Reversing a trend that has marked its entire existence, the Homeland Security Department has dramatically reduced the number of noncompetitive contracts it approves and done a better job managing and overseeing those it awards, according to an audit released last week by DHS’ inspector general.
The department agreed to pay roughly $1.3 billion in sole-source contracts in fiscal 2010, the IG reported, down from $3.4 billion in noncompetitive contracts in fiscal 2009 and $3.5 billion in fiscal 2008.
In response to the report, Richard Gunderson, DHS’ deputy chief procurement officer, said the percentage of contracts that have been awarded competitively has increased from 76 percent in fiscal 2009 to 86 percent in fiscal 2010, “by far the highest percentage ever achieved by the department.”
All eight DHS contracting offices beat their fiscal 2010 competition goals, he said.
The IG reviewed 40 contract files for noncompeted contracts with a combined value of more than $100 million. The audit found the department generally improved its oversight of those contracts by providing more thorough documentation showing the justification and approval for those awards.
The department also has completed a number of oversight reviews, issued updated guidance to strengthen its internal controls and performed more market research in planning for an acquisition, the IG found.
For example, in fiscal 2009, 79 percent of contract files that the IG reviewed showed deficiencies in market research. In fiscal 2010, that figure plummeted to 7 percent. One contract, an international agreement, contained an analysis of prices in the commercial marketplace to support market research efforts, the report said.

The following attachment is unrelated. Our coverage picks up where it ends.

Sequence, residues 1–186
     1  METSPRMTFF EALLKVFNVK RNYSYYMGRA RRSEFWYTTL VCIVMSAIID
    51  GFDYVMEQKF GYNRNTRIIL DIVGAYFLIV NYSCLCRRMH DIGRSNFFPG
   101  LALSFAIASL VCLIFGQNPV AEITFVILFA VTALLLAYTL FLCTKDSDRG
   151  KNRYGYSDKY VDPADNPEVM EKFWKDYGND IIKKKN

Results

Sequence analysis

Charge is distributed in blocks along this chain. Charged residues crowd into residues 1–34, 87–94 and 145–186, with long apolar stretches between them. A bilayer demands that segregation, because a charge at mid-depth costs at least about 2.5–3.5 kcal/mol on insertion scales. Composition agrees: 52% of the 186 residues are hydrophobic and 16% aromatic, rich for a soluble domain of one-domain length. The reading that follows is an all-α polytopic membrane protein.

Despite the progress, the internal watchdog also discovered gaps in DHS’ acquisition management.
“Acquisition personnel did not always document consideration of contractor past performance when performing background research of eligible vendors,” wrote Anne Richards, assistant IG for audits. “As a result, the department cannot be sure that it received the best possible value on the goods and services acquired through these contracts, or that acquisition personnel awarded government contracts to eligible and qualified vendors.”
The IG said Homeland Security must do more to ensure the accuracy and completeness of its contract file documentation — information gathered to support the use of contracts granted using methods other than full and open competition.
Of the 40 contracts the IG examined, 34 required an advance plan showing the efforts of everyone working on the program to obtain the product or service in a timely manner and at a reasonable cost. But, more than 40 percent of those contracts, worth a total of nearly $30 million, did not have documentation in the contract file, the report said.
In addition, 11 of the 40 contracts lacked evidence that the contracting offices considered past performance when making an award determination.
“The department needs to continue its emphasis on better planning and documenting its acquisitions and decision-making processes,” Richards wrote.
Gunderson said DHS is conducting an oversight review on noncompetitive contracting to determine whether procurement offices were following department guidelines and requirements. The final report is expected this spring.
Improving its much-maligned contracting process has been a priority for the department. Testifying before the House Homeland Security Committee last week, Secretary Janet Napolitano said DHS had identified more than $800 million in administrative savings, in part by making the acquisition process more efficient and by reducing professional services contracts.
“We are preserving essential front-line operations and bolstering our operational strength by decreasing administration and overhead,” Napolitano said.
The department has requested $24.2 million in the fiscal 2012 budget to increase its acquisition workforce by 150 positions, including systems engineers, program managers, logisticians and business cost estimators.
— by Robert Brodsky – GovExec.com – March 7, 2011